While on a study tour in Greece and Turkey this summer, I saw many beautiful artifacts depicting Roman gladiators. While all of these artifacts were fascinating, the most interesting ones that I found were two gladiator grave stelae in the Istanbul Archeological Museum that depicted left-handed gladiators.
With the first stele (labeled “A”), it is easy to tell that the gladiator (a secutor) was left-handed since he is depicted holding his sword in his left hand. It was not as easy to determine the handedness of the gladiator depicted on the other stele. The second stele (labeled “B”) depicts a gladiator (a provocator) resting his right hand on his stacked helmet and shield. The clue that reveals that this gladiator was left-handed, however, is that he is wearing his greave (leg guard) on his right leg. The heavily armed gladiator types, like the one depicted in this stele, wore a greave on the leg that corresponded with their shield arm. A left-handed gladiator would have carried his shield with his right arm and therefore would have also worn his greave on his right leg. Using this information, I was able to determine that the gladiator depicted in the second stele was a lefty.
I found these left-handed gladiators so fascinating partly because of my experience fencing. I am right-handed, and I distinctly remember that fencing with left-handed people was always very difficult. Although the Roman method of sword fighting was very different from modern fencing, I can’t help but think that differences in handedness between gladiators would have presented the same sort of challenges. The almost universal use of shields by most gladiator types would probably compounded these issues.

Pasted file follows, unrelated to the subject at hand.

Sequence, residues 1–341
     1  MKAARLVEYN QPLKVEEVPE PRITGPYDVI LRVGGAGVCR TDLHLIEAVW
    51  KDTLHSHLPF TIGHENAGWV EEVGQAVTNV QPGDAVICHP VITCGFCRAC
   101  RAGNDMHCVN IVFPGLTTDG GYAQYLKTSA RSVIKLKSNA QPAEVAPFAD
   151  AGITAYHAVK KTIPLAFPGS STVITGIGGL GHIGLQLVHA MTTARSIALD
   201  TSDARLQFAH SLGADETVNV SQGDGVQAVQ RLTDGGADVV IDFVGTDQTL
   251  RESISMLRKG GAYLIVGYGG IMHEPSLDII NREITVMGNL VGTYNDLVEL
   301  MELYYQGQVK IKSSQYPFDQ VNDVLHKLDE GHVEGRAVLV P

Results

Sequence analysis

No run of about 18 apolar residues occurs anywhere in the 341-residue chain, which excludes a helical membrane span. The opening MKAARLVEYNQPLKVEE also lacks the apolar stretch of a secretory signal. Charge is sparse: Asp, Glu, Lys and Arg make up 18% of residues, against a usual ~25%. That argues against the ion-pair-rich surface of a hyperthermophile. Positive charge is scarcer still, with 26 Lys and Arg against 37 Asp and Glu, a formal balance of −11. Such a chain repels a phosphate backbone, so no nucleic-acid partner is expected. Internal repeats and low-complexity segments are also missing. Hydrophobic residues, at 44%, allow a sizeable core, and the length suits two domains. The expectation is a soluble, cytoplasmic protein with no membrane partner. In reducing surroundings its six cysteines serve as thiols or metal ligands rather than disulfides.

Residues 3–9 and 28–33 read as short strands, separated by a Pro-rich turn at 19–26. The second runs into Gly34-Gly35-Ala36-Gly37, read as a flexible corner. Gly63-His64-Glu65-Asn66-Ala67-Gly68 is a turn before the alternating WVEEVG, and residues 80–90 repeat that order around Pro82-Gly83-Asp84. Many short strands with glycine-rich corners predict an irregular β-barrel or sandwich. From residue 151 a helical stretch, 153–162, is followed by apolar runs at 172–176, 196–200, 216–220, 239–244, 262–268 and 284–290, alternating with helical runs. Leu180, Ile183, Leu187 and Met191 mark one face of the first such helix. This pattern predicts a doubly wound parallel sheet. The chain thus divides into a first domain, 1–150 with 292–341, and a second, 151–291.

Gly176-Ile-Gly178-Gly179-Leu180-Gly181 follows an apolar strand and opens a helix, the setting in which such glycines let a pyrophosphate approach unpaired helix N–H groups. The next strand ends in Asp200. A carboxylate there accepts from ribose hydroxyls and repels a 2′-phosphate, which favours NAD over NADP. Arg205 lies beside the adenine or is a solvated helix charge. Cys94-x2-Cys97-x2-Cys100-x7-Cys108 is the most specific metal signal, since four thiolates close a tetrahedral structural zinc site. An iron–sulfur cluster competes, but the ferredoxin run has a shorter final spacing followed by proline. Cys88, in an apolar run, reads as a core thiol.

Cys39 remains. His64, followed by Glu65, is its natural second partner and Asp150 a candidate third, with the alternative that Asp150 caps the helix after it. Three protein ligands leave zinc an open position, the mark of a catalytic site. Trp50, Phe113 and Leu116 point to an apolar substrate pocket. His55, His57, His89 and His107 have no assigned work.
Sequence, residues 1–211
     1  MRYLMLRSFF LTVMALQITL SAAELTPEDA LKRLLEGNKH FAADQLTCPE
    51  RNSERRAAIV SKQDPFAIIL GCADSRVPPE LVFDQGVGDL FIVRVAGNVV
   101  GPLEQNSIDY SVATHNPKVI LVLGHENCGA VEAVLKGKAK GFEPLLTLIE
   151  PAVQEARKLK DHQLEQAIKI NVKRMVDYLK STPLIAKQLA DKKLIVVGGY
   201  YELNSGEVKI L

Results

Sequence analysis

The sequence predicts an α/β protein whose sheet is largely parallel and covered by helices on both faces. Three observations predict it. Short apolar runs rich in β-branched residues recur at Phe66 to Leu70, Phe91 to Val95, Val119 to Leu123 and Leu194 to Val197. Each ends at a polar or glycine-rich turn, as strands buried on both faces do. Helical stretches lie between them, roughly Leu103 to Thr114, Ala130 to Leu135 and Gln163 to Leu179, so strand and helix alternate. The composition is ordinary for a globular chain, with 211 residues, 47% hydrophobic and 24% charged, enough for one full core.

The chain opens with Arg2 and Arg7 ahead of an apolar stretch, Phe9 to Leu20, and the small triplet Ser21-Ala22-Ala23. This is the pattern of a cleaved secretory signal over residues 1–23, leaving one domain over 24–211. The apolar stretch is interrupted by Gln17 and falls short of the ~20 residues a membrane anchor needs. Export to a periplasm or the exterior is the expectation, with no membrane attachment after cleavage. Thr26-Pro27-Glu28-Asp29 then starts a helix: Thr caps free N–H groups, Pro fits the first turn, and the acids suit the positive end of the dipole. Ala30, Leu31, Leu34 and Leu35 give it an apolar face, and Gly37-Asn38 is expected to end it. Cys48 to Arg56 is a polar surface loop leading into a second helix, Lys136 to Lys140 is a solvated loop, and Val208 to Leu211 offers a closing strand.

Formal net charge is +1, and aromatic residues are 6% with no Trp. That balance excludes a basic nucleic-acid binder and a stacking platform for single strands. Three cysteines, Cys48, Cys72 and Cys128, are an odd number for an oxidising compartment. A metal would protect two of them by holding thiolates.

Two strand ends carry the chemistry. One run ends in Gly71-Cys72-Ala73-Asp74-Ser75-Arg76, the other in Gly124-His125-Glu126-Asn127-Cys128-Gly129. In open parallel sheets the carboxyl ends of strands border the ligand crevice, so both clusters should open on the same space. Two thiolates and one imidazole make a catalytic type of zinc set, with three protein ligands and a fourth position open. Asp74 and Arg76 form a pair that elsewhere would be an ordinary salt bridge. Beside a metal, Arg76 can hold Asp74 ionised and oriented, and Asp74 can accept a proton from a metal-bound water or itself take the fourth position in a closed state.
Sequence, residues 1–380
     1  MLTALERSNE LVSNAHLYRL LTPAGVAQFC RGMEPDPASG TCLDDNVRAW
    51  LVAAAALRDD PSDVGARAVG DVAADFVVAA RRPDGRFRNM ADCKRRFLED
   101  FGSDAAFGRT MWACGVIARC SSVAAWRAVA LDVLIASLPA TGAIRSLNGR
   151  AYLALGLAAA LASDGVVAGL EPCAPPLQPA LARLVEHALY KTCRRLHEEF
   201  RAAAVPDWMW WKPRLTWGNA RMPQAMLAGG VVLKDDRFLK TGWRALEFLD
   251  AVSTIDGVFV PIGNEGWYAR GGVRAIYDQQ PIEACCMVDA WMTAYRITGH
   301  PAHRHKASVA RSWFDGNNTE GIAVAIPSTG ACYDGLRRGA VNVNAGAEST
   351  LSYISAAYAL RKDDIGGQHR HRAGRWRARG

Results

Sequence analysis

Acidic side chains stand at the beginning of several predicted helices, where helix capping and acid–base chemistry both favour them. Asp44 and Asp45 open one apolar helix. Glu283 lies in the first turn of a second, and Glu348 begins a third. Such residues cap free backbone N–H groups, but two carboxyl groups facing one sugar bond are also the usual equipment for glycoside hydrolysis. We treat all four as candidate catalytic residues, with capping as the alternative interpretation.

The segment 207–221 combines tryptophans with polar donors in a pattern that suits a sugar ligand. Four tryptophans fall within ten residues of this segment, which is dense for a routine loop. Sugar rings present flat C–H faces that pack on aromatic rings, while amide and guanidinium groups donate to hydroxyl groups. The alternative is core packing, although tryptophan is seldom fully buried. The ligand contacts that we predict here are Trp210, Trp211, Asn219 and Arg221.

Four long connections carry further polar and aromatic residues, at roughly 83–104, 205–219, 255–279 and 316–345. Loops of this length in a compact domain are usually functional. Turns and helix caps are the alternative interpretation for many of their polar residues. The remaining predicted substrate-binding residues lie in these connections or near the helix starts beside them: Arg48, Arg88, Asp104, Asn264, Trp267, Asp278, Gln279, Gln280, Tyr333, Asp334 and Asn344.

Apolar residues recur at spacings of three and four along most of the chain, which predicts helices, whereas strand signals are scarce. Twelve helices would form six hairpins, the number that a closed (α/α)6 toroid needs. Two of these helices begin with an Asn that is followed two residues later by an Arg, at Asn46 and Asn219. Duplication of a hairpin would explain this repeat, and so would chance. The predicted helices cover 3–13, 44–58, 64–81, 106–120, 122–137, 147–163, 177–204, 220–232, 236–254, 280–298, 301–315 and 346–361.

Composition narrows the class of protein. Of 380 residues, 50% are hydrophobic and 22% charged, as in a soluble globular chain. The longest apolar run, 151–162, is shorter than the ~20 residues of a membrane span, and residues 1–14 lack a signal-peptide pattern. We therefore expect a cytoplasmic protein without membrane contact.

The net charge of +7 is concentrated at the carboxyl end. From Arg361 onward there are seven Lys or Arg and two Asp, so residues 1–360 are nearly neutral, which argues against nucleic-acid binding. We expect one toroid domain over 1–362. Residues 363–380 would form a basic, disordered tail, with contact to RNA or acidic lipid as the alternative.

I know that whenever I tell someone that I’m taking Latin, the immediate response is always, “say something in Latin!” Of course, I usually just say “veni, vidi, vici,” or something, but I know that I and many others want to know really how to speak conversational Latin. I recently uncovered a few links containing resources on conversational Latin, so here you go!
This one’s just a preview of a book, but even the preview contains some pretty cool stuff. Unfortunately we don’t have it at Hatfield, but if you want it’s pretty easy to order through Summit.
In case you want to text your friends in Latin (email is too outdated, but that’s what they used for this article!)
Et tandem, I thought this was a fascinating video on the importance of conversational Latin!